Install Caddy Web Server on Ubuntu

Posted on July 16th, 2020

Caddy web server is also known as the Caddy, and it is a free, open-source HTTP/2-enabled web server written in Go language. The Caddy web server uses the Go standard library to perform its HTTP functionalities. By default, the Caddy web server enables HTTPS. The Caddy can also act as a load balancer and reverse proxy server. This web server can run on multiplatform, such as Windows, Linux, and OS X. This multiplatform web server also supports virtual hosting, WebSockets, IPV6, Markdown, FastCGI, templates, automatic HTTPS via Let’s Encrypt, and more. With the help of the Caddy web server, it is easy to transfer a website from Windows to Linux without any compatible issue.

Some of the main features of the Caddy web server are:

  1. The Caddy web server is self-contained.
  2. The Caddy does not have any external dependencies as it uses the Golang codes.
  3. The Caddy web server is secure and easy to use. It avoids the use of regular expressions.
  4. You can use plugins to enhance the features of the Caddy web server.
  5. The troubleshooting is easy with Caddy web servers as it writes all the error details in a log file.
  6. You can use the Caddy web server as a reverse proxy server or load balancer.
  7. You can also use this web server as a library in your Go program.
  8. The Caddy web server utilizes more CPU, and therefore, it is fast when compared to other web servers.

In this knowledge base, we learn how to install and configure the Caddy web server on Ubuntu 18.04 VPS server.



  1. Server running Ubuntu 18.04 VPS.
  2. An SSH user with sudo privileges.


Install the Caddy Web Server on an Ubuntu 18.04 VPS

To install the Caddy web server on an Ubuntu server, follow the below steps:

First, log in to the server as an ssh user with sudo privileges.

Then, update and upgrade the apt packages by executing the following command.

$ sudo apt-get update

$ sudo apt-get upgrade

After that, run the following command to install cURL package.

$ sudo apt-get install curl

Run the following command to check if the installation of cURL is successful.

$ sudo curl --version

The above command should show an output similar to the one shown below if the installation was successful.

curl 7.29.0 (x86_64-redhat-linux-gnu) libcurl/7.29.0 NSS/3.15.4 zlib/1.2.7 libidn/1.28 libssh2/1.4.3

Protocols: dict file ftp http ftps https imap gopher imaps ldap ldaps pop3 pop3s rtsp scp sftp smtp smtps telnet tftp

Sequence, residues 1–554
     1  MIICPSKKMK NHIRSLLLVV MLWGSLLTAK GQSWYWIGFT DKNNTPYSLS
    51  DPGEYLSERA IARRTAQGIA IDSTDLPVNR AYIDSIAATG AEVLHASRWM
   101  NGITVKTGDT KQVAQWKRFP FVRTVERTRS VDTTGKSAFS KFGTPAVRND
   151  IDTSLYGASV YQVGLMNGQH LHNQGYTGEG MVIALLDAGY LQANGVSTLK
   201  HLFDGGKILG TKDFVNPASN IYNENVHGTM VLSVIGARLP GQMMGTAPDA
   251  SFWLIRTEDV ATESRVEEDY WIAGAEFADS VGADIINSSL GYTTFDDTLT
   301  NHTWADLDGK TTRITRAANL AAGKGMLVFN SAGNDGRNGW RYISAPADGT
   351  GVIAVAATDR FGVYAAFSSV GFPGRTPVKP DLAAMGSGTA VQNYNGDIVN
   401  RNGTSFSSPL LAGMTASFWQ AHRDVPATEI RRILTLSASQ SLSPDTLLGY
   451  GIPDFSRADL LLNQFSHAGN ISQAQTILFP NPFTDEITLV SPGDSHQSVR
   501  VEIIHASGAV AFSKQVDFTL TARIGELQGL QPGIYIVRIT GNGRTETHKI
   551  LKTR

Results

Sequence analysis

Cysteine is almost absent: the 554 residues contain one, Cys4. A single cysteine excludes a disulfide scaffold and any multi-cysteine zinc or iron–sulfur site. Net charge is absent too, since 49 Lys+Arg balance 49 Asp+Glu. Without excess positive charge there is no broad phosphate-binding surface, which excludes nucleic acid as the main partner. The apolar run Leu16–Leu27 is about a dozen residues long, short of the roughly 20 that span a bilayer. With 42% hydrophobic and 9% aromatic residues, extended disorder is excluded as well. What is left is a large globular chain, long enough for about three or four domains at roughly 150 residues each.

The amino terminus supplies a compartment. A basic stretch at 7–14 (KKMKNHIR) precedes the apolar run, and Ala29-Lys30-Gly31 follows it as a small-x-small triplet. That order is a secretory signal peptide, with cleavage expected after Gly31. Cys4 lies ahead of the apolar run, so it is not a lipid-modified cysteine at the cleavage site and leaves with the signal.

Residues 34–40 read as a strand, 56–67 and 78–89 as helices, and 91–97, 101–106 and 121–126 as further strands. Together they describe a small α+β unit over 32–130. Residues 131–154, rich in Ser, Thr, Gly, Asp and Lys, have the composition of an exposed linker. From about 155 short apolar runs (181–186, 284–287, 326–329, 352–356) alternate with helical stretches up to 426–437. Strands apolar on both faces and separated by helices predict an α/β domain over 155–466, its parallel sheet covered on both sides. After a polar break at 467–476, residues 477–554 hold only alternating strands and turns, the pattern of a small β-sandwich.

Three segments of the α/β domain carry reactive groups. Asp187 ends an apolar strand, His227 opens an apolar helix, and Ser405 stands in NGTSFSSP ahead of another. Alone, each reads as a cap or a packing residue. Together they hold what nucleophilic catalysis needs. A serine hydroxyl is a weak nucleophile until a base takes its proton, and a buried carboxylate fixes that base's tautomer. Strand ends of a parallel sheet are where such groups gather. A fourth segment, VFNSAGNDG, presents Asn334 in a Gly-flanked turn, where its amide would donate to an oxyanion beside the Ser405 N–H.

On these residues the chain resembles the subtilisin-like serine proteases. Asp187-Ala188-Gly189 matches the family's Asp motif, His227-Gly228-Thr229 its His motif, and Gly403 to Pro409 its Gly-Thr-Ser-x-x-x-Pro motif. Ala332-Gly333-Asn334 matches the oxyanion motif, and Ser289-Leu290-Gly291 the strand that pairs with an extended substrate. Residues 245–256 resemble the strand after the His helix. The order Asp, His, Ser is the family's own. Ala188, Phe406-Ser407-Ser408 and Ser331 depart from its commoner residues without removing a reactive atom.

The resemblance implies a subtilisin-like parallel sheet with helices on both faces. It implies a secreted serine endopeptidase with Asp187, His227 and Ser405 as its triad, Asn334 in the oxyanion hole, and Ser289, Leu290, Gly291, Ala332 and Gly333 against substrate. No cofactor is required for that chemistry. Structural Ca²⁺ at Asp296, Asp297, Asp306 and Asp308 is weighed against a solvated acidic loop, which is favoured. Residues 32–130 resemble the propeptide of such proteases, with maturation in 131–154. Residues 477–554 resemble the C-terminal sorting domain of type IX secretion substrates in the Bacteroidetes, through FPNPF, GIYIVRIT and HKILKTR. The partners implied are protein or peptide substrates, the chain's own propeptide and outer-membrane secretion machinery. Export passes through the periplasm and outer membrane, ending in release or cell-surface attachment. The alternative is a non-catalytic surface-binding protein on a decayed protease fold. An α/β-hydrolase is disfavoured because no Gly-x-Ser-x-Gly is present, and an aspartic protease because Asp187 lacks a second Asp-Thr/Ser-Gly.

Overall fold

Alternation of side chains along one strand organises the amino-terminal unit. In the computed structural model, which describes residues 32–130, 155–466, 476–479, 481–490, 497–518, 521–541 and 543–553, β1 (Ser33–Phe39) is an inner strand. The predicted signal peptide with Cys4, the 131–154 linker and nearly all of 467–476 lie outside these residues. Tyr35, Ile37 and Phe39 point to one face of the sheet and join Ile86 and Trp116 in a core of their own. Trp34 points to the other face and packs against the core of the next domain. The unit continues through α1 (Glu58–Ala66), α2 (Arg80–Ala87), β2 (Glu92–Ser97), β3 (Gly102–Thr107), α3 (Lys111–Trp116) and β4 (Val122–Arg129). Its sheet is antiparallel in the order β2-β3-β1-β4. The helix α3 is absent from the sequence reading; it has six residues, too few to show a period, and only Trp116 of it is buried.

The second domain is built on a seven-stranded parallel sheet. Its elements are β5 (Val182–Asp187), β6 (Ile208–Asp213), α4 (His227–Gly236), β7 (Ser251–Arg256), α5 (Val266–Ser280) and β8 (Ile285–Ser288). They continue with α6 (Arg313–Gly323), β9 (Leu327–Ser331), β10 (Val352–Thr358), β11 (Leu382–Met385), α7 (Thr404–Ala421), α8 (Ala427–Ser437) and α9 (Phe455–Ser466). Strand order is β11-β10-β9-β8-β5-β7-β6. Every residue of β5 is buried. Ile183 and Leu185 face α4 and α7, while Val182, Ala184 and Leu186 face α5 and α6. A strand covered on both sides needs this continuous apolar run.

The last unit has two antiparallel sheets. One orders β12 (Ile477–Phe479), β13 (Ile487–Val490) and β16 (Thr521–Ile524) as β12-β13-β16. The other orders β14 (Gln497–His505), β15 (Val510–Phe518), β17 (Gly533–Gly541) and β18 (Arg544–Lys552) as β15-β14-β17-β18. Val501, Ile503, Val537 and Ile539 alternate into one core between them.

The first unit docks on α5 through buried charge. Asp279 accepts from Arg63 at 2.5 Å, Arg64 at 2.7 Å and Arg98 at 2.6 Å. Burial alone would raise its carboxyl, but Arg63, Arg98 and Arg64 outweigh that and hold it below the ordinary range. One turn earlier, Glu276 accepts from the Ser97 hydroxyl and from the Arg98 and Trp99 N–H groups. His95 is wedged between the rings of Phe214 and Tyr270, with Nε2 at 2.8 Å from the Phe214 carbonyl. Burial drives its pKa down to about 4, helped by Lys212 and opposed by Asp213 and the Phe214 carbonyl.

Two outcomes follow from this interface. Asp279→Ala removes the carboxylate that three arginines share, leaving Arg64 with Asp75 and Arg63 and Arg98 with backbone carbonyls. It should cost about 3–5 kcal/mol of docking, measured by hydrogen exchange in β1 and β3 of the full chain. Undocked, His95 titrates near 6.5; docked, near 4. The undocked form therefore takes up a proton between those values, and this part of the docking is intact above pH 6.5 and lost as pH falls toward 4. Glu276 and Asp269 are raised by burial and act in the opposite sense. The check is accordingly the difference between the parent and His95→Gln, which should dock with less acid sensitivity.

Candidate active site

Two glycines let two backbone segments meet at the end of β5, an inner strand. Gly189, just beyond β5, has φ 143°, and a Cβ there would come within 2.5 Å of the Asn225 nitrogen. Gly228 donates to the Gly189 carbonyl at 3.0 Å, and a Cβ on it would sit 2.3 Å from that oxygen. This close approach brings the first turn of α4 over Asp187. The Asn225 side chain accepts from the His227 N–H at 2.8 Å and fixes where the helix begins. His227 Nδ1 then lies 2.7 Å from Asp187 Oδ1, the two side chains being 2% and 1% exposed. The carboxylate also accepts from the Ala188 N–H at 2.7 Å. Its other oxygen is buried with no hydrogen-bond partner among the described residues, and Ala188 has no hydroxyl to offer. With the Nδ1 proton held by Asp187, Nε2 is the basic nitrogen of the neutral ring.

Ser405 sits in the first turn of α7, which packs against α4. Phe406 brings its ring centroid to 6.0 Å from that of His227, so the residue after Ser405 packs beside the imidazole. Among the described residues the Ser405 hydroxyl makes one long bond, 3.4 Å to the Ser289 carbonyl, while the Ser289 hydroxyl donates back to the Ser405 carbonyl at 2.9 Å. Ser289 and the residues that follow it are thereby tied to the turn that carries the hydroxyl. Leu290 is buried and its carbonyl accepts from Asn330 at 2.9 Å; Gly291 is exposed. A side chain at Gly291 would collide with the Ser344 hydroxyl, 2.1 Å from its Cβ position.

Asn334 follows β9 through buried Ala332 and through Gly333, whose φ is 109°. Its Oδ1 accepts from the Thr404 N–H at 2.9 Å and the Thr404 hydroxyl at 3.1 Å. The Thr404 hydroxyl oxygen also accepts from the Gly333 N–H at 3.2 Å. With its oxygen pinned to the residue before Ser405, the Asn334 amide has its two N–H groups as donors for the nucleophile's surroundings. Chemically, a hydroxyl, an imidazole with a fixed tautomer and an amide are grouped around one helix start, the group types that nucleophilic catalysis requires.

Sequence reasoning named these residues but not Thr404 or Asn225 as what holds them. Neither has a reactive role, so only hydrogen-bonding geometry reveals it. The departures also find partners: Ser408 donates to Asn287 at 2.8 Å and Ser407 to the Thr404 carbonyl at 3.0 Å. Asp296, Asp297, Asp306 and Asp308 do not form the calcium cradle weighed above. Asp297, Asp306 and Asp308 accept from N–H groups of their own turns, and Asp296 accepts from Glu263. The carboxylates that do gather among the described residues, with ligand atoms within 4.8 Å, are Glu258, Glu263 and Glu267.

Features: AsynchDNS GSS-Negotiate IDN IPv6 Largefile NTLM NTLM_WB SSL libz

Execute the following command to install the Caddy web server on your server.

$ sudo curl | bash

To add any additional features to your Caddy web server, then you can use the ‘-s’ switch in the above command. These features should separate with a comma. For example, to install the Caddy web server with additional features, execute the following command.

$ sudo curl | bash -s personal,realip,upload,expires

After that, run the following command to make sure that Caddy binds only to the ports less than 1024.

$ sudo setcap cap_net_bind_service=+ep /usr/local/bin/caddy


Configure the Caddy Web Server

First, we have to set up all the directories that are essential to store the configuration files and SSL certificates. Run the following commands to create and set permission for these files.

$ sudo mkdir /etc/caddy
$ sudo chown -R root:www-data /etc/caddy
$ sudo mkdir /etc/ssl/caddy
$ sudo chown -R www-data:root /etc/ssl/caddy
$ sudo chmod 770 /etc/ssl/caddy
$ sudo touch /etc/caddy/Caddyfile
$ sudo mkdir /var/www
$ sudo chown www-data: /var/www

Then, create a systemD configuration script by using the following steps:

Open the caddy.service file using any of the text editors.

$ sudo nano /lib/systemd/system/caddy.service

Add the following script to the caddy.service file by replacing the existing contents.

Description=Caddy HTTP/2 web server



; Letsencrypt-issued certificates will be written to here in this directory


ExecStart=/usr/local/bin/caddy -log stdout -agree=true -conf=/etc/caddy/Caddyfile -root=/var/tmp

ExecReload=/bin/kill -USR1 $MAINPID








; The following additional security directives only work with systemd v229 or later.
; They further restrict privileges that can be gained by caddy. Uncomment if you want.
; You may need to add capabilities required by the plugins in use.


Save and close the file.

Then, run the following systemctl command to start the Caddy web server as a service during system boot.

$ sudo systemctl enable caddy.service


Test the Caddy Web Server Installation

To test the Caddy installation, we are going to create a sample webpage and a Caddy file. For the same, follow the below steps:

To create a sample web page and set permission for the same, run the following commands.

$ sudo mkdir -p /var/www/
$ sudo echo “Caddy” > /var/www/
$ sudo chown -R www-data: /var/www/

Open the Caddyfile using any text editors.

$ sudo nano /etc/caddy/Caddyfile

Then, add the following line to add the domain to the file. After that, save and close the file. {
    root /var/www/

Run the following command to restart the Caddy service.

$ sudo systemctl restart caddy.service

Now, you can hit the following URL from any of the browsers to view the test page.



Caddy web server is also known as the Caddy, and it is a free, open-source HTTP/2-enabled web server written in Go language. It offers some significant advantages over the other web servers. Now, we have installed and configured Caddy on your Ubuntu VPS, we hope that this knowledge base was helpful to you. Please comment below for any questions or queries. If you are an InterServer customer, please reach out to our support team for further help.

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